Choice=choice of several test substances, depending on studies required.
(b) NOTES. The following notes are referenced in column two of the table contained in paragraph (a) of this section.
(1) Not required if test material is a gas or highly volatile.
(2) Not required if test material is corrosive to skin or has pH less than 2 or greater than 11.5; such a product will be classified as toxicity category I on the basis of potential eye and dermal irritation effects.
(3) Required unless repeated dermal exposure does not occur under conditions of use.
(4) Not required unless test material, is an organophosphate, or a metabolite or degradation product thereof which causes acetyl cholinesterase depression or is structurally related to a
substance that causes delayed neurotoxicity.
(5) Required if use involves purposeful dermal application to, or prolonged exposure of, human skin.
(6) Required if use may result in repeated inhalation exposure at a concentration likely to be toxic. A test with duration of 21 days is required if pesticide is used on tobacco.
(7) Required if acute delayed neurotoxicity test showed neuropathy or neurotoxicity or if closely related structural to a compound which can induce these effects.
(8) Required if acute oral, dermal, or inhalation studies showed neuropathy or neurotoxicity.
(9)(i) Studies designed to simultaneously meet the requirements of both the chronic feeding and oncogenicity studies (i.e., a combined study) can be conducted.
(ii) Minimum acceptable test durations for chronic feeding and oncogenicity studies are as follows:
(A) Chronic rodent feeding study (food use pesticides)—24 months.
(B) Chronic rodent feeding study (non-food pesticides)—12 months is usually sufficient.
(C) Chronic nonrodent (i.e., dog) feeding study—12 months.
(D) Mouse oncogenicity study—18 months.
(E) Rat oncogenicity study—24 months.
(10) Required to support products intended for food uses and to supoort products intended for non-food uses if significant exposure of human females of child bearing age may reasonably be expected.
(11) Required to support products intended for food uses and to support products intended for non-food uses if use of the product is likely to result in human exposure over a portion of
the human lifespan which is significant in terms of the frequency of exposure, magnitude of exposure, or the duration of exposure (for example; pesticides used in treated fabrics for wearing
apparel, diapers, or bedding; insect repellents applied directly to human skin; swimming pool additives; constant-release indoor pesticides which are used in aerosol form).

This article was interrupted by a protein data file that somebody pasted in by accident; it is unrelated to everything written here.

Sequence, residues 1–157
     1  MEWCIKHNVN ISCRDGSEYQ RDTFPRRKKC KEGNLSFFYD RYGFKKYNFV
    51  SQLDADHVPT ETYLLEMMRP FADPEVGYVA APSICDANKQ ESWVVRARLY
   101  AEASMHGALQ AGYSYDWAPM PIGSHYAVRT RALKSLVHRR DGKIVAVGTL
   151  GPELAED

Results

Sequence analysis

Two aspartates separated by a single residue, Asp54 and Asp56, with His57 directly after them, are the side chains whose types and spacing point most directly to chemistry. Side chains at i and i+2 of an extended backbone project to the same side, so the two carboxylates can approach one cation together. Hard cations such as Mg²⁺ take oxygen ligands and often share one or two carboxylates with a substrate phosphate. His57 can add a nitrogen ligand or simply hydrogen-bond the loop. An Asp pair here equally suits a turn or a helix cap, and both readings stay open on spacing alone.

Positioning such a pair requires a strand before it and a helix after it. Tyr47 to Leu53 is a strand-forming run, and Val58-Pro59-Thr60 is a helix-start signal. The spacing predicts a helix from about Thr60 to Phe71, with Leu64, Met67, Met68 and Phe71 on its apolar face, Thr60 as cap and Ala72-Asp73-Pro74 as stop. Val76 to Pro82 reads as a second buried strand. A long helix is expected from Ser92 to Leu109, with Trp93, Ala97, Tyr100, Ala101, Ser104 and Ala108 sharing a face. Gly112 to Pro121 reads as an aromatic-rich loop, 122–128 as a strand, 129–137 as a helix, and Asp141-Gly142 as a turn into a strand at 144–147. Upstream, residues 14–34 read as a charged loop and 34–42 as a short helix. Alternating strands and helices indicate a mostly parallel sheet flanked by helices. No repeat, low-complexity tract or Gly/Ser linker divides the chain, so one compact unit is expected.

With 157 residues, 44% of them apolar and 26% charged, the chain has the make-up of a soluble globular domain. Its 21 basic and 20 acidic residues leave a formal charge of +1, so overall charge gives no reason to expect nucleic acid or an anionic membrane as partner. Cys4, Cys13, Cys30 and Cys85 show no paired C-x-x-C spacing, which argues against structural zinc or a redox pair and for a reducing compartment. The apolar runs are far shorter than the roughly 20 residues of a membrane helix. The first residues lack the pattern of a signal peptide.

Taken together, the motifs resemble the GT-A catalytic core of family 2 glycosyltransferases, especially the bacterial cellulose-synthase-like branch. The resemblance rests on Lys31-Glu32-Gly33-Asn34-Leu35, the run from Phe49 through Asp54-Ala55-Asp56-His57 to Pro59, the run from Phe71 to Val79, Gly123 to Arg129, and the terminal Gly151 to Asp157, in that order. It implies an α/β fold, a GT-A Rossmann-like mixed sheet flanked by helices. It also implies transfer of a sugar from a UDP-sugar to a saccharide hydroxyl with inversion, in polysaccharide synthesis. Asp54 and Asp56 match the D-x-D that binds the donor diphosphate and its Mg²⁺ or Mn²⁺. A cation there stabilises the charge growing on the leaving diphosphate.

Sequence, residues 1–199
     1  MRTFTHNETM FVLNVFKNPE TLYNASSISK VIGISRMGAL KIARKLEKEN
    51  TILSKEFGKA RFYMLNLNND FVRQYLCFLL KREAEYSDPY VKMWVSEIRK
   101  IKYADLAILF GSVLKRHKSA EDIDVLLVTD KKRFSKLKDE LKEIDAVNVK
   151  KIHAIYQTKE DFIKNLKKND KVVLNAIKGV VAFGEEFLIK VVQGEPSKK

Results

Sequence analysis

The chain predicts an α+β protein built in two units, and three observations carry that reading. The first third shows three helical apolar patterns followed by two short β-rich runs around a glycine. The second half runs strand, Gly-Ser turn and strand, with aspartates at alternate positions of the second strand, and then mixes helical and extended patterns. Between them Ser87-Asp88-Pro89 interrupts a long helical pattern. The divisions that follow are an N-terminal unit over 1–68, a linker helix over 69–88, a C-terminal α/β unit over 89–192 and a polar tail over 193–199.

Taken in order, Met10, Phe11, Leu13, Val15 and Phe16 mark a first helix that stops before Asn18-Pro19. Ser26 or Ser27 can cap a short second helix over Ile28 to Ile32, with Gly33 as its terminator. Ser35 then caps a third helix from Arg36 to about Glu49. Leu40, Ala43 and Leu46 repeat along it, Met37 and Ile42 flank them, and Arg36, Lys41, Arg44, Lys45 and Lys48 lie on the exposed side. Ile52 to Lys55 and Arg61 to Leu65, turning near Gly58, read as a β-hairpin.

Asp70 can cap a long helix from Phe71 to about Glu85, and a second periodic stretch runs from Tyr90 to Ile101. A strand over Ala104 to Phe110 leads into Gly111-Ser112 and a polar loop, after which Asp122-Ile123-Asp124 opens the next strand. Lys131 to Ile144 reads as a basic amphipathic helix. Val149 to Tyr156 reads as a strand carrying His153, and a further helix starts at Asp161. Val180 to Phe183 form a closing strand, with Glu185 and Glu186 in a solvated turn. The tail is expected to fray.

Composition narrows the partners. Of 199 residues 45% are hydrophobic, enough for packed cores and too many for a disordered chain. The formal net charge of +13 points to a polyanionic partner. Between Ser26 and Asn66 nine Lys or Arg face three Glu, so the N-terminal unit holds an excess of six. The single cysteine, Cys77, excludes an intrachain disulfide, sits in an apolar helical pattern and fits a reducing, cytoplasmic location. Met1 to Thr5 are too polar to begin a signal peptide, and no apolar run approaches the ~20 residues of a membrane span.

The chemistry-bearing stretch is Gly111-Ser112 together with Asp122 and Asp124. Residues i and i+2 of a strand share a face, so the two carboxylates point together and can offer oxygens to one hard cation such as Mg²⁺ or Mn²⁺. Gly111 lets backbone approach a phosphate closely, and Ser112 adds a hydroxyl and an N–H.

(12) Required on a case by case basis.
(13) In most cases, where theoretical maximum residue contribution (TMRC) exceeds 50 percent of the maximum permitted intake (MPI), a one year (or longer) interim report on a chronic
feed study is required to support a temporary tolerance.
(14) In most cases, where theoretical maxium residue contribution (TMRC) exceeds 50 percent of the maxium permitted intake (MPI), a first generation (or longer) interim report on a
multigeneration reproduction study is required to support a temporary tolerance.
(15) A teratology study in one species is required to support a temporary tolerance.
(16) Required if the product consists of, or under conditions of use will result in, an inhalable material (e.g., gas volatile substances, or aerosol/particulate).
(17) Required if intended use(s) of the pesticide product is expected to result in human exposure to the product, under the following conditions:
(i) Human exposure is via the oral route.
(ii) Expected human exposure is over a limited portion of the human lifespan, yet is significant in terms of the frequency of exposure, magnitude of exposure, or the duration of exposure
(for example, products requiring a temporary tolerance to support an experimental use permit or emergency exemption).
(18) Required if intended use(s) of the pesticide product is expected to result in human exposure to the product, under the following conditions:
(i) Human exposure is via skin contact.
(ii) Expected human skin contact is not purposeful, and such exposure is of limited frequence and duration (for example, such exposure could result from use of certain disinfectant, liquid
fumigant or agricultural or home/garden pesticide products, and other circumstances where the Agency determines that more than acute dermal exposure is involved).
(iii) Data from a subchronic 90-day dermal toxicity study are not required.
(23)
(24)
(12)
Dermal penetration ...........
Domestic animal safety ....
(b) Notes
General metabolism .........
Special testing
Kind of data required
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(1)
(1), (4)
(1), (2),
(3)
(1), (2),
(3)